But thinking about it, I think I finally get it. The double-standard really isn’t. The key here is that I assumed the rule was that it was somehow declared not-offensive for some people to say these things. It’s not. Rather, it’s that when you are dealing with people you know don’t mean something in an offensive sense, offensive things are a kind of friendly teasing.

For instance, a couple of my friends (who are close enough that their parents used to helpfully mention that if they had anything to say about their relationship, their parents would still love them) like to have fake fights in public. This led to a dialogue, briefly excerpted here:

Luka: Yeah, that’s what your mom said. Last night. When I was having sex with her.
Rain: Yeah? Well, your mom’s dead.
Luka: <laughs>

Well, yes, her mom’s dead. Had been for, at the time, several months. This was something that would totally not be okay to joke about… Unless you were a very good friend. Note that the rule here has nothing to do with whether Rain is Luka’s dead mom, only that they’re close enough that the comment can’t possibly be meant to hurt.

And the reason group membership is generally taken as “good enough” is that, in general, people are assumed not to despise their own ethnic group. (Not sure this is a particularly good assumption, but it’s there regardless.)

There are some weird boundaries. I have known gay guys who call other gay guys “faggots”, apparently meaning nothing hostile by it. I probably couldn’t get away with calling random gay strangers fags, but no one seems to be inclined to complain if I call my spouse a fag.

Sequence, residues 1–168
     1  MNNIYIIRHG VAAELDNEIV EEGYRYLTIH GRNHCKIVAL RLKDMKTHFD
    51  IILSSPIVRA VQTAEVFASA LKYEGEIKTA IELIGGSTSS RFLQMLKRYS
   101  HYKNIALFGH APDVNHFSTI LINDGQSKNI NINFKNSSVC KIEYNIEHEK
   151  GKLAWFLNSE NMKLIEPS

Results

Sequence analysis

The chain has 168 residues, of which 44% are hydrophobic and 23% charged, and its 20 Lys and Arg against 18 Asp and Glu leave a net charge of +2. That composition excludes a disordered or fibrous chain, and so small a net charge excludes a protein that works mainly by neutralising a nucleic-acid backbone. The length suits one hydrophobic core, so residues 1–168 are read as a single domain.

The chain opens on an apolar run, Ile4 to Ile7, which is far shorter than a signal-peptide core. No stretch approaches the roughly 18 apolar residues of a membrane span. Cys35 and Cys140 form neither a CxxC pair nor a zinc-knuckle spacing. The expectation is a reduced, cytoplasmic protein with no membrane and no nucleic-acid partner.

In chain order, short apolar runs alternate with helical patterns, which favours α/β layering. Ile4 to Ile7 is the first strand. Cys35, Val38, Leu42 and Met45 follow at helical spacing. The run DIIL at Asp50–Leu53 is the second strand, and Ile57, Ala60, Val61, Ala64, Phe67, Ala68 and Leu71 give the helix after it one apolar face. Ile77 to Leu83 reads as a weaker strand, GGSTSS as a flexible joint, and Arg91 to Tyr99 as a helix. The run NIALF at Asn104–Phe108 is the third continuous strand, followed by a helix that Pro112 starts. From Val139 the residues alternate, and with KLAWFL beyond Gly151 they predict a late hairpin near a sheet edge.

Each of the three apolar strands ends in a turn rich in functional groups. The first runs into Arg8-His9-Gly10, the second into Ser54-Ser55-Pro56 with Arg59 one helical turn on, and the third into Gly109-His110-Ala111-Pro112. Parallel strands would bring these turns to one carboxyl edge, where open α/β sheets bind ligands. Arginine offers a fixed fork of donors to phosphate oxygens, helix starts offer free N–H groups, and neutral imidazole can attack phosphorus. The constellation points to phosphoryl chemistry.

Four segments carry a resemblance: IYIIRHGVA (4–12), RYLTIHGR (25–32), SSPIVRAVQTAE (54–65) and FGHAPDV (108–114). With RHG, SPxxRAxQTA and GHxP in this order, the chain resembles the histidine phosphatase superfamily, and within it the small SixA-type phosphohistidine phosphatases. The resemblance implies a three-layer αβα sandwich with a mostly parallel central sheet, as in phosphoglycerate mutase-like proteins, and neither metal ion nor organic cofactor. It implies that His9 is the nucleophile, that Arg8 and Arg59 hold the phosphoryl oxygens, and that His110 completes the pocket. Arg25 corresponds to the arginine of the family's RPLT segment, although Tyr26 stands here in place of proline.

Writing creates its own set of weird problems for this. One of our friends is writing a story in which a number of characters are in a mental institution. One, who has a clearly established problem with self-esteem, referred to himself as crazy. Cue outrage; how dare the writer use this insulting word? And yet… It was true to the character. Should writers be restricted from writing characters accurately? Does it matter whether the writer has a mental illness, or the character does, or what? I dunno. In any event, it struck me as a little silly.

I think people are a little too fast, in practice, to take things negatively when they don’t really have to. On the other hand, you don’t lose much communicative power by not using racial slurs and the like. (Exception: As anyone who’s met Jesse could tell you, trying to talk about Jesse without using the word “fag” is basically impossible.)

Peter Seebach

Comment [3]

---

I want my spoons back.

(Personal, Autism)

2011-11-22 15:07
Comment

(Spoons, you ask? Yes, spoons.)

Here’s one of the things that sucks about being autistic. Spoons aren’t just used or recovered. They are reserved. If I begin a task that requires spoons, the spoons get reserved. They are then the spoons for that task. PERIOD. They cannot be reclaimed, or used for any other purpose, until the task is complete or absolutely, provably, gone from this world.

In August, I called the city planning people to discuss a proposed scheme. It looks like I called them at 1:21 PM on Tuesday, August 16th. I called again on the 29th, at 12:20 and 1:06 PM. The person I originally spoke to was Corey Murphy, who transferred me to someone named Cynthia, whose last name I didn’t catch at the time.